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Take a Quick Flight!

I’m always looking for fun writing prompts for my Creative Writing students–anything to kick-start our creative energy at the start of class. I always write along with the class. (Even with all the serious long-term writing projects I have going on, diving in to something unexpected and random keeps my writing brain charged up and flexible.)

A few weeks ago, I had fun with a great little prompt I found on a blog called Writing Forward.

I loved the amazingly varied set of responses my students came up with (I’ll share my own below), so today I’m challenging YOU to take a quick shot at it.

Start with the exact words written below, and keep writing for at least a few sentences.  Don’t think–just do it. WITHOUT LOOKING AT ANYBODY ELSE’S FIRST, share yours in the comment trail below. (Then you can go back and see what other people did.)

Ready? You’ll find the prompt after the jump.

 

Here’s the prompt:

 

Silvery flakes drifted down, glittering in the bright light of the harvest moon. The blackbird…

 

You take it from there. Have fun! I can’t wait to see what you come up with!

(Oh, and if you liked this prompt: I just discovered that the Writing Forward blogger, Melissa Donovan, has a new book out called 101 Creative Writing prompts, which you can check out here.)

 

54 responses to “Take a Quick Flight!”

  1. Vivi Andrews says:

    How fun! I love this game.

    Here’s mine:

    Silvery flakes drifted down, glittering in the bright light of the harvest moon. The blackbird lay still and cold, slowly being covered by a layer of freshly fallen snow. Cara couldn’t stop looking at it. The gleaming black feathers, the tightly curled claws… the unnatural angle of its head, twisted brutally back. The eyes were open. Did birds have eyelids? Did they blink? Did they know that from one blink to the next life could be snapped away? Nausea churned in Cara’s stomach and for a moment she envied the bird, envied the ignorance. At least it hadn’t known it was going to be sacrificed tonight. She wasn’t so lucky.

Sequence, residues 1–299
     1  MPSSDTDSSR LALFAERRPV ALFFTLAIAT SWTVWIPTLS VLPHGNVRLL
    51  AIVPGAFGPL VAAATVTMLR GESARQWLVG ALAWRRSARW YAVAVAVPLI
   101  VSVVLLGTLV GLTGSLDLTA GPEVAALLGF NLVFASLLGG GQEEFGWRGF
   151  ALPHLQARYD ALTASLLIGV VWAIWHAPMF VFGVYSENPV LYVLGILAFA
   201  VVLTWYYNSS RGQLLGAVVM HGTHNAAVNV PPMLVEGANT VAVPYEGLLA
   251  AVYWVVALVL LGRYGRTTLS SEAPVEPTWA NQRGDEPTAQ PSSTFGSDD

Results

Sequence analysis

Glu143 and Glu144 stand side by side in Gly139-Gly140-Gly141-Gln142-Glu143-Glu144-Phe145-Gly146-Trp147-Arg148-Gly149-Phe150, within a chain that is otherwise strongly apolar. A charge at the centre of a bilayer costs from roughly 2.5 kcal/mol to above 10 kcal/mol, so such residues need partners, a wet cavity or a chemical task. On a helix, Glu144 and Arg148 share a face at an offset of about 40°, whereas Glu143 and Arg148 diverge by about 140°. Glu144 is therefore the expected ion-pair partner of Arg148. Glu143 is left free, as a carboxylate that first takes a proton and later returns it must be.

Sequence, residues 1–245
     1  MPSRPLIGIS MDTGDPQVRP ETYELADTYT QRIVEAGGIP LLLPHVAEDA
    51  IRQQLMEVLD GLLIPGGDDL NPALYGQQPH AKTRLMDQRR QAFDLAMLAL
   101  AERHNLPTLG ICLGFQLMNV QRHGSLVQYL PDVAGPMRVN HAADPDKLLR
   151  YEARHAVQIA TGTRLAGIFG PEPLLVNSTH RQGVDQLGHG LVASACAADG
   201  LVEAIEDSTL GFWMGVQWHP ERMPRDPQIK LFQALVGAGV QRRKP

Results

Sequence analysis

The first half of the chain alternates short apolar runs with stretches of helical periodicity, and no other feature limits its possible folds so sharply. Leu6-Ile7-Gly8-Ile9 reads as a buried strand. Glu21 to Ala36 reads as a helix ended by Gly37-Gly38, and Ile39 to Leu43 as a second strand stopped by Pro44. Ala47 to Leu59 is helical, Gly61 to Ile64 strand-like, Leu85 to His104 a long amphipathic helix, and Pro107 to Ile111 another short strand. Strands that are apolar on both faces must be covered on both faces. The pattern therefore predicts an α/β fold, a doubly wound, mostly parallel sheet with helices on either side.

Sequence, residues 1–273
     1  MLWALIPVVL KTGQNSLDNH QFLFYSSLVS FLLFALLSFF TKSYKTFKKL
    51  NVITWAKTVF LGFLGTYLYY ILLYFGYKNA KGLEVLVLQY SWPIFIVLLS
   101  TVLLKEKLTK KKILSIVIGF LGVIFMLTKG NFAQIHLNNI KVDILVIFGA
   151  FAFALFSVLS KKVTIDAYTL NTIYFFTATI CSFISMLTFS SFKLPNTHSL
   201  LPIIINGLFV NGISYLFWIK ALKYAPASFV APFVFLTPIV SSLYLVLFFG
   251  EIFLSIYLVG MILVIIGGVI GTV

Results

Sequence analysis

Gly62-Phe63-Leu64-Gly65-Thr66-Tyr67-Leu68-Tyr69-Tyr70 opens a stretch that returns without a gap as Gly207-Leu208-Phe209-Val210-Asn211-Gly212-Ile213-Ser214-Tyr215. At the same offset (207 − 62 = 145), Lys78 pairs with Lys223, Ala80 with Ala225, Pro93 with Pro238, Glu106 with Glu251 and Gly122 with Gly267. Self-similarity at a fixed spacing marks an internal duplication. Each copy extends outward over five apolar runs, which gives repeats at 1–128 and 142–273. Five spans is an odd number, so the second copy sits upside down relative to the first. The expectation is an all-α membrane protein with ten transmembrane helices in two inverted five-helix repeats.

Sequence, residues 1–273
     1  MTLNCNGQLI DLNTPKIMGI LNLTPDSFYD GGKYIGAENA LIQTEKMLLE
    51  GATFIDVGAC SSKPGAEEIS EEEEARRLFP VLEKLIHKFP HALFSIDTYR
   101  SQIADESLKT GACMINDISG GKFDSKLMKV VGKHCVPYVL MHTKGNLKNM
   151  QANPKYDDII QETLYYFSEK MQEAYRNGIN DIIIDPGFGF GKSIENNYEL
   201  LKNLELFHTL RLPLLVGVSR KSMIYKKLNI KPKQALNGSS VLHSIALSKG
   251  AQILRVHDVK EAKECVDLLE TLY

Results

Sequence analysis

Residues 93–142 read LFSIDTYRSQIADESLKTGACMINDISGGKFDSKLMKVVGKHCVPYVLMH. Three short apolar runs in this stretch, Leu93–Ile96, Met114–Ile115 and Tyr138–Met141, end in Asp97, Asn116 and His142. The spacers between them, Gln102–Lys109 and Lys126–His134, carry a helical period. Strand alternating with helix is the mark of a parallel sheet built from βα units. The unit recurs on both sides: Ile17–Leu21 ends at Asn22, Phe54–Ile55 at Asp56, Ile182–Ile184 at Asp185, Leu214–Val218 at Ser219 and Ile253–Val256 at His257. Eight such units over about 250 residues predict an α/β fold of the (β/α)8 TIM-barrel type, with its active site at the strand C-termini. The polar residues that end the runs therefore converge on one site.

1+
  2. Liz Selvig says:

    Hi Elisa! Hi Vivi! I had to jump over here after sprinting with Vivi tonight because she mentioned she was captivated by this. So before I head for bed, here’s what came out of my brain — I think because we were talking about Alaska and I miss these birds:

    Silvery flakes drifted down, glittering in the bright light of the harvest moon. The blackbird sputtered sharply and raucously exactly like a chainsaw, mimicking the sound it had no doubt learned from the human world that surrounded its habitat like an invasive weed. The girl blinked, confused, and stared up into the shadows of the birch branches. “That’s not a normal bird sound,” she said, and shaded her eyes as if the snow was rain and the moon bright sunlight.
    “That’s not a normal bird,” the man next to her replied. “That’s a raven. And he’s lived in this neighborhood for almost ten years. Wait. Some time he’ll ring like a phone and you’ll go running inside to answer. He’ll laugh at you and you’ll think it’s your brother playing a trick. That’s a raven for you.”
    “Does he have a name?” she asked, wrinkling her nose at the mention of her brother.
    “No. He’s one of God’s wild creatures. I don’t name them.”
    “Can I name him?”
    He shrugged. “If you feel the need, I expect it won’t change his life much.”
    “I’ll call him Cinderella.”
    “What?” His bushy white eyebrows rose toward the brim of his cap. “That doesn’t make sense.”
    She giggled. “Well,” she said matter-of-factly. “Neither does a bird that sounds like a chainsaw.”

    I think I want to know more about these two – lol. Thanks for the fun, Elisa. I love these things!

    0
  3. The blackbird raised her head from beneath her wing, alerted by the acrid scent, and listened. While she could hear strange sounds, no chirps or chitters of warning reached her.